The gTLD currently has 6,345 domains in its zone file.

CIRA hits major .ca milestone on 20th anniversary

Kevin Murphy, December 2, 2020, Domain Registries

Canadian ccTLD registry CIRA has registered its three millionth domain, having grown .ca by over 160,000 names this year.

By happy coincidence, the milestone was hit November 30, exactly 20 years after CIRA officially took over the registry from its predecessor.

CIRA said that regs are up 34% this year, the boosted growth largely due to more small businesses coming online due to the coronavirus pandemic.

This all means that .ca is the 12th-largest ccTLD in the world, according to the registry.

.org made $97 million last year

Kevin Murphy, December 2, 2020, Domain Registries

Public Interest Registry has published its 2019 tax returns, revealing a top line of $97.1 million.

That’s a tad under the $101.1 million it reported for 2018, presumably due to the declining number of .org domains under management.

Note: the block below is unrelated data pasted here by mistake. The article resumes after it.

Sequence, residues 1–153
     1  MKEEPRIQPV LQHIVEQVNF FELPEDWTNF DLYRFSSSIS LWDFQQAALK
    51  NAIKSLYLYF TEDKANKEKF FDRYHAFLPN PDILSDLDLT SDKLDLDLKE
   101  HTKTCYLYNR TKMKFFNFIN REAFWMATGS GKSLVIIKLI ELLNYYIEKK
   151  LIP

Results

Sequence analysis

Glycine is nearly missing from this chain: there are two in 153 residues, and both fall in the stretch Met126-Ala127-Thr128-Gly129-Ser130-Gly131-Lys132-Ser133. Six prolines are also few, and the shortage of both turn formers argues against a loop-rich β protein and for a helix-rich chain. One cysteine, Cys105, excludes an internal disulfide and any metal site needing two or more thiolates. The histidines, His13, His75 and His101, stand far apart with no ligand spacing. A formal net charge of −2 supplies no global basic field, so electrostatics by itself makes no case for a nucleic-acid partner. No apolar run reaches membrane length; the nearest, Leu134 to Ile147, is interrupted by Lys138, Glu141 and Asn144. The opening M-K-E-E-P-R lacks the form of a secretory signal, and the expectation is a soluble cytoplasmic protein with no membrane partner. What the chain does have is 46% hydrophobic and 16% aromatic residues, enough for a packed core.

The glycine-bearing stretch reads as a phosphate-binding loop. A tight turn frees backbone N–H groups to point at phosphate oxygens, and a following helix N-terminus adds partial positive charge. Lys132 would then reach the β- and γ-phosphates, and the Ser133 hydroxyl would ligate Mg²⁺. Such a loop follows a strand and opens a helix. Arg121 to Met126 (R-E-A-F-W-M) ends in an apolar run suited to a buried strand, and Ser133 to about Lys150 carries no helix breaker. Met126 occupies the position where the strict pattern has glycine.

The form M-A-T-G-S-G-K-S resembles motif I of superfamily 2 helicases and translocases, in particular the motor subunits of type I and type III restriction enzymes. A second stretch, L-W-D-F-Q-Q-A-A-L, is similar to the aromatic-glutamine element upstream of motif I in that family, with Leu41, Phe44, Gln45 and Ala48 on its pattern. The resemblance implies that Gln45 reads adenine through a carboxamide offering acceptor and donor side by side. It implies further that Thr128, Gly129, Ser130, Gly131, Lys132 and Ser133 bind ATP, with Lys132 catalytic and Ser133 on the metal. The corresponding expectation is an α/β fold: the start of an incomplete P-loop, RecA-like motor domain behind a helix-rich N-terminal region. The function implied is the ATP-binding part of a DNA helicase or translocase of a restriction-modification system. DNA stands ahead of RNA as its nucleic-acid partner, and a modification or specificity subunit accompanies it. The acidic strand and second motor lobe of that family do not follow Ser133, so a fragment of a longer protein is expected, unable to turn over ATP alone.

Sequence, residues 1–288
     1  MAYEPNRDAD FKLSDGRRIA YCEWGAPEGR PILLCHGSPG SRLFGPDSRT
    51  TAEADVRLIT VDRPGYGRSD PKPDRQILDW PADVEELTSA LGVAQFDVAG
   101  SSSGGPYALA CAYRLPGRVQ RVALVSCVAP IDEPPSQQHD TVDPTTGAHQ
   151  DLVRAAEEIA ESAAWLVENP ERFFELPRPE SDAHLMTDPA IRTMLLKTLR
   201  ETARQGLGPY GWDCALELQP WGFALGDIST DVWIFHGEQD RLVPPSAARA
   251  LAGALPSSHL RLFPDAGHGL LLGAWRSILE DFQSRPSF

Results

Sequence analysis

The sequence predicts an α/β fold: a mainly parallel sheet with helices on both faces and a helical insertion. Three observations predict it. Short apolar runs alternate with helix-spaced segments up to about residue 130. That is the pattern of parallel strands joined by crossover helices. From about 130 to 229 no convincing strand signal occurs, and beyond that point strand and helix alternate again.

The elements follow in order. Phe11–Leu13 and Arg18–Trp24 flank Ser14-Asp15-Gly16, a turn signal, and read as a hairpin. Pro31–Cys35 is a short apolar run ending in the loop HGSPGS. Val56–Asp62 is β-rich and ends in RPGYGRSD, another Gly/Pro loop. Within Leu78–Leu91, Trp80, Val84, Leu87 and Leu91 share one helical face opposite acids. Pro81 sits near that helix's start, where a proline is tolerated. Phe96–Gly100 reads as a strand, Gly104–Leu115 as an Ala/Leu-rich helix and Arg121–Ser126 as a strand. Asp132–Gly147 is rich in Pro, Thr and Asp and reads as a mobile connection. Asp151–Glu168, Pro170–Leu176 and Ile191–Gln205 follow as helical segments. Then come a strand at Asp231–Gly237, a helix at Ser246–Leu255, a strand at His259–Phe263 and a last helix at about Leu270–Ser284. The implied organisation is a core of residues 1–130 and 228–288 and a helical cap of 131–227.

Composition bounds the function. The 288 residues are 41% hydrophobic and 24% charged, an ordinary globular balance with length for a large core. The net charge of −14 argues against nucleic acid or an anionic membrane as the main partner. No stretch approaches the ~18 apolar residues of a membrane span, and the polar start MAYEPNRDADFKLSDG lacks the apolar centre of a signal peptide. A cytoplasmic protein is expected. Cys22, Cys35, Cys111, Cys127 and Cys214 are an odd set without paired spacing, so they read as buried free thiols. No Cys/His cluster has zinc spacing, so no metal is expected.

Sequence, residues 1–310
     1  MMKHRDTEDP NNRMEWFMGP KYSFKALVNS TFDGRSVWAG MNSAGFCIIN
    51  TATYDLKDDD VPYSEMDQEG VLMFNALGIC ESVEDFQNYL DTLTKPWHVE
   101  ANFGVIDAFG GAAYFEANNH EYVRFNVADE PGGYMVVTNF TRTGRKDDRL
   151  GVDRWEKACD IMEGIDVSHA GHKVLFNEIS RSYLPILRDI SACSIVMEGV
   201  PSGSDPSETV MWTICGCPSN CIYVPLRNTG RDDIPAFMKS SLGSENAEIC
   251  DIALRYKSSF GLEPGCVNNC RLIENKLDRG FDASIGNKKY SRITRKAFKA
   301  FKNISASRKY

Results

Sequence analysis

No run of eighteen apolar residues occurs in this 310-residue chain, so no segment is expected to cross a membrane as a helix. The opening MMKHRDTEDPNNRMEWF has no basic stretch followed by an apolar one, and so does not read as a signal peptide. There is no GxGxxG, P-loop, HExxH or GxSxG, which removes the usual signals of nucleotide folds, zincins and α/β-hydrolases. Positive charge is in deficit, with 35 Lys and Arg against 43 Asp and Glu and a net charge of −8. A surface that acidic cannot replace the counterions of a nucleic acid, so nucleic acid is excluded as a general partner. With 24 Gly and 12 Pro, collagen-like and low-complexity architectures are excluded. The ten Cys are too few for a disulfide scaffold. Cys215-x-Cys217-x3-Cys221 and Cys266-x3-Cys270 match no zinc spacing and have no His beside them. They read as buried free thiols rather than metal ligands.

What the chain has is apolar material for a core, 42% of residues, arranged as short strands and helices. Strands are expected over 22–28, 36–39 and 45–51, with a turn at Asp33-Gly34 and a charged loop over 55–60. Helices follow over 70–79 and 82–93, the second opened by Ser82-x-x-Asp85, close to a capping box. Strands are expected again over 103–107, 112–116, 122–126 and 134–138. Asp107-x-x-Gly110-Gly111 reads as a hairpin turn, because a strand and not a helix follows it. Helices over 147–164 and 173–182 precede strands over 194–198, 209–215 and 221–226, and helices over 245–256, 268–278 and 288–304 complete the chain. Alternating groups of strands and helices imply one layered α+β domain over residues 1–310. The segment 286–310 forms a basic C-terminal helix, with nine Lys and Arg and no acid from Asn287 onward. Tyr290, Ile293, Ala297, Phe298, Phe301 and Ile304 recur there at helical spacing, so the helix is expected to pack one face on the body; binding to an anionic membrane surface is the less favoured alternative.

It lost roughly 200,000 names in 2019, bottoming out at 10.4 million, though it has since recovered in 2020.

The returns also reveal that back-end provider Afilias was paid $18.3 million for its trouble, and ICANN was paid $2.6 million in fees.

The Internet Society, which owns PIR and uses it for most of its funding, was paid $67.5 million, up from the $48.7 million given in 2018.

The form also list the salary and bonuses for 20-odd staffers and directors, for the salary voyeurs among you.

XYZ launches its beauty-themed gTLDs with slashed prices

Kevin Murphy, December 1, 2020, Domain Registries